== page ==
The separation of powers and how it played out last month

[This is written for secondary school students and others who asked about it.]

The Westminster  system of Government we adopted in 1975, adheres to the principle of the separation of   powers.

This means the three arms of government – Parliament, the Judiciary and the executive can’t interfere with each other’s decisions.

They are  independent, free functioning arms of government  that uphold the  laws of Papua New Guinea. The courts can’t tell the parliament what to do. The PM and his Cabinet can’t be dictated to by the courts and  parliament can’t make the courts and the executive do its bidding.

But over the four decades, the system has been put to the test.  Pushed to its limits by aggrieved politicians and bureaucrats, the three arms appear to  have always survived the pressure.

In recent years,  the courts have become like a  principal, adjudicating over disagreements brought to the office  from the classroom  and the playground.  It has become like the last resort, used by those within the government system to prove or disprove interpretations of law or settle disputes arising from either one of the other two arms of government.

Former Chief Justice Sir Arnold Amet, who saw  his share of politicians running to the courts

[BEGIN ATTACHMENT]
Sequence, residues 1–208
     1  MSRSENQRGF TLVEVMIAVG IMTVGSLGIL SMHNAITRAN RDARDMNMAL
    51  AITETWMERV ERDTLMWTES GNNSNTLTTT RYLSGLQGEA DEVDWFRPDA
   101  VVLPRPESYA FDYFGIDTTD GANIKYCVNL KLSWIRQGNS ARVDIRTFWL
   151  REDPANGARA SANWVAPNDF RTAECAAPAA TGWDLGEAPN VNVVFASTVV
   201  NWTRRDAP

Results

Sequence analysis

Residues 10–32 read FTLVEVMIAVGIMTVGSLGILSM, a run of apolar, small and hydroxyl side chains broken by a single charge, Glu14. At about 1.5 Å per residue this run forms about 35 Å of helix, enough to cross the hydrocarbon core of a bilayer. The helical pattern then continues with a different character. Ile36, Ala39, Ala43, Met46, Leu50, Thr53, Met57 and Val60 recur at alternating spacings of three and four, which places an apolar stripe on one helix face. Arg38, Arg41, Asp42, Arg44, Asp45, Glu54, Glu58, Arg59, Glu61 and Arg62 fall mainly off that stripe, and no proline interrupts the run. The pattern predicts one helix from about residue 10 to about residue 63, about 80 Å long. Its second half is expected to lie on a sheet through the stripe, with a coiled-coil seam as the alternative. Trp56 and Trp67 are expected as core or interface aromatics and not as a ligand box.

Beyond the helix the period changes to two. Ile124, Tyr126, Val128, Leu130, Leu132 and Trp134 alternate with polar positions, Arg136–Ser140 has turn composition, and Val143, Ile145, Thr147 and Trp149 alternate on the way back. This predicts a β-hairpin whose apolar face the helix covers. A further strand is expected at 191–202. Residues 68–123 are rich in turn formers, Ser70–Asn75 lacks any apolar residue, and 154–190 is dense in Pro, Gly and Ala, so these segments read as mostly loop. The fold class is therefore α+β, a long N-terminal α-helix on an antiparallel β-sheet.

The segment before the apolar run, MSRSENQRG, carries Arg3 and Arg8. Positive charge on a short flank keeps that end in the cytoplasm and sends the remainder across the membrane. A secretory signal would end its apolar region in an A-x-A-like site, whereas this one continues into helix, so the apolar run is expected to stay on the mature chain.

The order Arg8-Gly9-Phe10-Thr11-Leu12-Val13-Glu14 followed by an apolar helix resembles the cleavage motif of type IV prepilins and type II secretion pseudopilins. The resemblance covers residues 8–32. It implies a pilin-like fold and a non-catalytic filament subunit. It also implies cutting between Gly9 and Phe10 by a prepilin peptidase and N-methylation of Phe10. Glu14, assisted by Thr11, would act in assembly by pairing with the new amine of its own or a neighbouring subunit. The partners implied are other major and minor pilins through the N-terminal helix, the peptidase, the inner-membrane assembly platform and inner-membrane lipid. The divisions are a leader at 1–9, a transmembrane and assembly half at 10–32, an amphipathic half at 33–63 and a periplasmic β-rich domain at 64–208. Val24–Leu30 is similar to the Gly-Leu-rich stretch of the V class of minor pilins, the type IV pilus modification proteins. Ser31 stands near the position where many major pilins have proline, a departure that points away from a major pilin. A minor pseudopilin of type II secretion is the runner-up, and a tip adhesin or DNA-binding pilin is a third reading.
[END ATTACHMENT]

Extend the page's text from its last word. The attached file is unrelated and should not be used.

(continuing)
Three weeks ago,  a five man  supreme court bench handed down a ruling related to  matters of parliament.

The supreme court reference from opposition leader, Belden Namah sought to clarify if sections of the constitution were breached when the speaker unilaterally accepted the withdrawal of  Peter O’Neill’s nomination as Prime Minister on the floor.

On May 19th last year, Peter O’Neill resigned as Prime minister leaving a vacancy in the  top post.   On the 30th parliament  was recalled and the speaker called for nominations for the PM’s post.  Enga Governor, Peter Ipatas nominated James Marape and Patrick Pruaitch nominated Peter O’Neill.

After O’Neill accepted the nomination, Rabaul MP, Dr. Allan Marat  nominated Sir Mekere Morauta.  Immediately after  the speaker closed nominations, Peter O’Neill withdrew his nomination leaving just Marape and Sir Mekere.

The nomination and withdrawal caused confusion and uncertainty. 

But the court found, through its interpretation that while there was  room to raise those concerns on the floor of parliament – which is , the appropriate forum as per the principles of separation, nobody questioned the decision by the speaker to accept the withdrawal  of nominations.

What happened then in that short space of time in parliament on the 30th of May 2019,  and in the minds of those present  is left to interpretation.  It could have been that the urgency to elect a new Prime Minister rendered questions over O’Neill’s nomination withdrawal unnecessary.

Those decisions were brought to the courts for interpretation.

The Court made a ruling that it could not make a decision on matters of parliament and,  upholding the principle of the separation of powers, the five judges basically said,  the speaker exercised his authority  within the realm of parliament.  

And therefore the matter was non-justiciable… meaning the courts could not make a decision as it was not in their power to do so.

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